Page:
Wednesday 24 April 2024

The Coded Gaze

"You've likely heard of the 'male gaze' or the 'white gaze. This is a cousin concept really, about who has the power to shape technology and whose preferences and priorities are baked in — as well as also, sometimes, whose prejudices are baked in.“

"The goal of AJL is to create a world with more inclusive technology by fighting “the coded gaze”, my term for bias in artificial intelligence that can lead to exclusionary experiences or discriminatory practices. The coded gaze is a view that posits any technology created by humans will reflect individual or collective values, priorities and if unchecked, prejudices. To address bias, the coded gaze must be acknowledged. Exploring the coded gaze can inform ways to make artificial intelligence more inclusive. AJL fights the coded gaze through a bias-busting strategy that (1) highlights bias by raising public awareness on the shortcomings of artificial intelligence through media production, public talks, and exhibitions, (2) identifies bias by conducting research and building tools that practitioners and researchers can use to check datasets and algorithms for demographic and phenotypic bias, and (3) mitigates bias by providing inclusive benchmarks and best practices to create more inclusive artificial intelligence." (Buolamwini, 2017)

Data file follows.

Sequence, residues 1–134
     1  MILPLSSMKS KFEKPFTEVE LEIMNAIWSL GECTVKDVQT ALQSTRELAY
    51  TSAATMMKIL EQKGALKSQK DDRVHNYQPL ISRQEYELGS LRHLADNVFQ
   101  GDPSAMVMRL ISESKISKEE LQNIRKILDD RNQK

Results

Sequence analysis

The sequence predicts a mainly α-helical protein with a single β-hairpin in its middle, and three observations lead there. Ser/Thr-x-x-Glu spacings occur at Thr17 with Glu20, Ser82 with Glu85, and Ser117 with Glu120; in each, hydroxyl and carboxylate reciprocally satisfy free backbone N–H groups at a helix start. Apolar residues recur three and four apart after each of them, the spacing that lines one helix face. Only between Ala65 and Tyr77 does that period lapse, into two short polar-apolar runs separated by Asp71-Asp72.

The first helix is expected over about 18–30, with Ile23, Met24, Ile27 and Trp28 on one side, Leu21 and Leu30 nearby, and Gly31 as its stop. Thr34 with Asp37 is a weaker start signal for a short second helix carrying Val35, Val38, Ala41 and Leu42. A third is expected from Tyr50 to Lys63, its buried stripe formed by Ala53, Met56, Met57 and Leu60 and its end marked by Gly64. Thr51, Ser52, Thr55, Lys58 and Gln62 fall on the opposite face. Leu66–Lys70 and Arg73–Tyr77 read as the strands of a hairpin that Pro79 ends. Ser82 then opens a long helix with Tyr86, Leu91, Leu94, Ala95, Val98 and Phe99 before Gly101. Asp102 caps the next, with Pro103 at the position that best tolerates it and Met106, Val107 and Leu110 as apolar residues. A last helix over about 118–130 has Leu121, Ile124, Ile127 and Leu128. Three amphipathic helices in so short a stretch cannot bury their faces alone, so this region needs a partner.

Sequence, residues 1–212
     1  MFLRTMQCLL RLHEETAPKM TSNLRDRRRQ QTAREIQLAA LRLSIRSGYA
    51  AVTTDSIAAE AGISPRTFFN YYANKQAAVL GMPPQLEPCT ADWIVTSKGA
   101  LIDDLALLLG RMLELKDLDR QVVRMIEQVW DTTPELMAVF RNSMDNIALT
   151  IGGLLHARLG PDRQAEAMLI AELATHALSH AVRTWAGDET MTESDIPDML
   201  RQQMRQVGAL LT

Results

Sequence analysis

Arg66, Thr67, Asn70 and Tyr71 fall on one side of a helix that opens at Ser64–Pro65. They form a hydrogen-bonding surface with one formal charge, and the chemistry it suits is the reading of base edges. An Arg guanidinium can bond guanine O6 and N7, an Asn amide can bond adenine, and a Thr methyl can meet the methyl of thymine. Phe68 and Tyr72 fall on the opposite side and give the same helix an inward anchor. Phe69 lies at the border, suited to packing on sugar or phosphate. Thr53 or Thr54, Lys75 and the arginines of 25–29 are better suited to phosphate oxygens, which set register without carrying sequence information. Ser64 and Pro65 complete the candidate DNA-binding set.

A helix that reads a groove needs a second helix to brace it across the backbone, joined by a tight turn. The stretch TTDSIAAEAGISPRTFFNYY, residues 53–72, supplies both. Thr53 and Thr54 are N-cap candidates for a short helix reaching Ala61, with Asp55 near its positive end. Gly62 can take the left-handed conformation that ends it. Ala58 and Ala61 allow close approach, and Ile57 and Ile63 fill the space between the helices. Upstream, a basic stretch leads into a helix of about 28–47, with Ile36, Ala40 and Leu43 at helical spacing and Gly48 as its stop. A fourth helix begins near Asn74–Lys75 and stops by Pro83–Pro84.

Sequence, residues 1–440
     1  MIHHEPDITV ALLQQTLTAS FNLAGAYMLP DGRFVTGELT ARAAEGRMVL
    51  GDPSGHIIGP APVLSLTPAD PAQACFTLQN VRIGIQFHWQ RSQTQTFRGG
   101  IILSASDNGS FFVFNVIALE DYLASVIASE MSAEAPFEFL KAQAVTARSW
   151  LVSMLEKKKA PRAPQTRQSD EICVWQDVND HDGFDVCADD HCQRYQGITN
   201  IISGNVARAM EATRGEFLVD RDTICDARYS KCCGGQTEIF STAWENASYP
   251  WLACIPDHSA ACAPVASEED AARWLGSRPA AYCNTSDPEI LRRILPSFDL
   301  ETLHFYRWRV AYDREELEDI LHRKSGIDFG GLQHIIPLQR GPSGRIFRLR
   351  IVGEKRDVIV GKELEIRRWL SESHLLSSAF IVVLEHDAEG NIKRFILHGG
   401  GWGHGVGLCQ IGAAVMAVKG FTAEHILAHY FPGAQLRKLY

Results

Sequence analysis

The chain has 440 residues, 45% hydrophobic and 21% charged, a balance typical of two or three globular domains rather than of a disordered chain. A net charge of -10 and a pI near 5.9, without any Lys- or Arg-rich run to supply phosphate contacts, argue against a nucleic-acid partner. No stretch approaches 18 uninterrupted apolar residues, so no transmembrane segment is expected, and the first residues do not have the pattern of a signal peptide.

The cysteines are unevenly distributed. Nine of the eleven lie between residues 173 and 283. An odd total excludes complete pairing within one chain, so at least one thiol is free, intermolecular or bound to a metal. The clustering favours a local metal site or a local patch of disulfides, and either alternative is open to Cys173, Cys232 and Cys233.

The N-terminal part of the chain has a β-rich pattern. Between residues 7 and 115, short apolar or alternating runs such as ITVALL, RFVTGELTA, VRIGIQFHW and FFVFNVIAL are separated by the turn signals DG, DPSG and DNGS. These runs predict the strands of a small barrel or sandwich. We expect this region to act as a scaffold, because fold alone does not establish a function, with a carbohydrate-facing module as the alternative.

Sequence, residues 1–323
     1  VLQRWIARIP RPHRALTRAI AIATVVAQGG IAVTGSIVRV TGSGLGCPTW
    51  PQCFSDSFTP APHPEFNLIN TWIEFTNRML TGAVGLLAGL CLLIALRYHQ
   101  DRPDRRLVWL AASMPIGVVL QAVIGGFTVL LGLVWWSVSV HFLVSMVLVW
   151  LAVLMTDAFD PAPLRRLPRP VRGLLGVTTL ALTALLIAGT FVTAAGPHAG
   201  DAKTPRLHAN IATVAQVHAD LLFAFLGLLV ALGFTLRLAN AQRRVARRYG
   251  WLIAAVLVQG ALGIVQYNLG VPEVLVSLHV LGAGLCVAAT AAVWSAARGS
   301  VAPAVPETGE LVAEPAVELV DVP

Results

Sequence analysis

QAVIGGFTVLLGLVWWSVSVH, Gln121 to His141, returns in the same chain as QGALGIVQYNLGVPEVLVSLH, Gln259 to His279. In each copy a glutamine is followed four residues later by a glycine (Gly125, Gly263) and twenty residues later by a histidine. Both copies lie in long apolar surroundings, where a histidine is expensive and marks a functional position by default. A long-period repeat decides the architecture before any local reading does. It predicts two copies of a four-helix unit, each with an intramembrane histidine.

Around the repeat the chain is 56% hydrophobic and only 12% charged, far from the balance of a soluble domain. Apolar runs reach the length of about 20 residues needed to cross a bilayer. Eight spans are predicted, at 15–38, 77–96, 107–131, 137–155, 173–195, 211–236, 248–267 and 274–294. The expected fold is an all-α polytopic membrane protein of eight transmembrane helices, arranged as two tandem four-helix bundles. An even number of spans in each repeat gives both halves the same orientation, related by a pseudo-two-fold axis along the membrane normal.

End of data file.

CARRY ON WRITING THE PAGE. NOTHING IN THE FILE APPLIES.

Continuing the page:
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- Buolamwini, J. (2017). Gender Shades: Intersectional Phenotypic and Demographic Evaluation of Face Datasets and Gender Classifiers. MIT: MA Thesis.
- photograph by Vivian Maier via

Wednesday 17 April 2024

The -ism Series (38): Face-ism

The term "face-ism" was first introduced in an article published by Archer et al. in 1983. It refers to the relative facial prominence (ratio of the face to the total visible body) in depictions of men versus women. In their five studies, the authors assessed the prevalence of face-ism in five US-American magazines and newspapers (n = 1.750), in publications from 11 cultures (n = 3.500), and in artwork over 600 years (920 portraits and self-portraits). They found evidence that men are depicted with greater facial dominance than women. 

The authors observed this difference also in amateur drawings of men and women (by 40 male and 40 female undergraduate students). Most interestingly, in their fifth study, they found ratings of intelligence and personality characteristics depending on the facial prominence (n = 60) (Archer et al., 1983).

The phenomenon of face-ism and the varying judgement of persons based on facial prominence was found in a great many studies following Archer et al.'s, such as the attribution of less mental activity and morality, less intelligence and likeability to people with less facial prominence.